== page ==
Outgoing Windows development chief Jim Allchin has apologised for the confusion he created in comments taken to mean Vista was so secure it might be possible to run the software without any anti-virus installed.
Responding to questions from reporters about whether Vista would be more secure than Windows XP SP2, Allchin said his seven-year-old son runs a Vista PC (locked down with parental controls and no IM or email) without anti-virus protection.
The comments were taken to mean that Allchin reckoned that improved security features in Vista - such as Patchguard and ASLR (Address Space Layout Randomisation, a feature that means the system kernel is loaded differently on each Vista machine - would make anti-virus protection obsolete.
Allchin said his comments, which if true would decimate the software security market and make Microsoft's own OneCare service redundant, had been taken out of context and misinterpreted.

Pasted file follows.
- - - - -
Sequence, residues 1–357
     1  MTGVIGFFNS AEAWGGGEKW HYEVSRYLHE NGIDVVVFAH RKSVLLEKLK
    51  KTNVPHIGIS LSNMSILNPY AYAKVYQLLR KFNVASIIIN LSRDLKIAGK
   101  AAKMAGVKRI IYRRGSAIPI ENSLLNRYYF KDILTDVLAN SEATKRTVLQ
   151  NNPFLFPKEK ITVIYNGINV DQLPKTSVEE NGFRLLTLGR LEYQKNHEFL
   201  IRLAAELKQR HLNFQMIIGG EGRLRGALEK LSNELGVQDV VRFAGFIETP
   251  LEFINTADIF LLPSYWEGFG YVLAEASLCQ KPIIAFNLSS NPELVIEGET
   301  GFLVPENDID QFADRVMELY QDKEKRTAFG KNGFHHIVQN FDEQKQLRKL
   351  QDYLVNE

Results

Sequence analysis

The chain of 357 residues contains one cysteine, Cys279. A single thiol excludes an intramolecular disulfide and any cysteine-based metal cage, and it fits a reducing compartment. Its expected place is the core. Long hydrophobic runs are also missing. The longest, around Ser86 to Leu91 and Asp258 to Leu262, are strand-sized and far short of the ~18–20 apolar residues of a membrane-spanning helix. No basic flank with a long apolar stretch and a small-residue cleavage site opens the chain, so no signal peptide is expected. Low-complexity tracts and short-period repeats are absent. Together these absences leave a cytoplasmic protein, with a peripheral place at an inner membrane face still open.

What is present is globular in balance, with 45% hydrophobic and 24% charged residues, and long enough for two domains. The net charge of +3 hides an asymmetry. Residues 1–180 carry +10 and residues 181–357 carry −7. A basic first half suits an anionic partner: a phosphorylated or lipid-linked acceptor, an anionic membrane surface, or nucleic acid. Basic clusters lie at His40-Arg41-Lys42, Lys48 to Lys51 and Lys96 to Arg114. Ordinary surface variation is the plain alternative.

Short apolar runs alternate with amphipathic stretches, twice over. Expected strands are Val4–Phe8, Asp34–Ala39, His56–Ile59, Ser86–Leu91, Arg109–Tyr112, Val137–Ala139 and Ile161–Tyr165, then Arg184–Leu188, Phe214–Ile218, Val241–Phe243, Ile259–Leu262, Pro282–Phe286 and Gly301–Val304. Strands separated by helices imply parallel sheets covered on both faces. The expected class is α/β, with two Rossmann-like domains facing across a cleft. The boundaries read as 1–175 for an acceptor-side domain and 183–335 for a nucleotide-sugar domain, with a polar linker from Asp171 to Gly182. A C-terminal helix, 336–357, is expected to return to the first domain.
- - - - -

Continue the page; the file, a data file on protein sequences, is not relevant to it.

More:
"After reading the transcript, I could certainly see that what I said wasn't as clear as it could have been, and I'm sorry for that. However, it is also clear from the transcript that I didn't say that users shouldn't run anti-virus software with Windows Vista! In fact, later in the call, I explicitly made this point again, because I had realised I wasn't as clear as I should have been," Allchin writes in a posting to the Windows Vista blog.
Allchin returns to the standard Microsoft line that even though
XP Vista is the most secure operating system Redmond has ever produced, users would still need additional security software.
"Most users will use some form of anti-virus software, and that will be appropriate for their scenarios," he writes. ®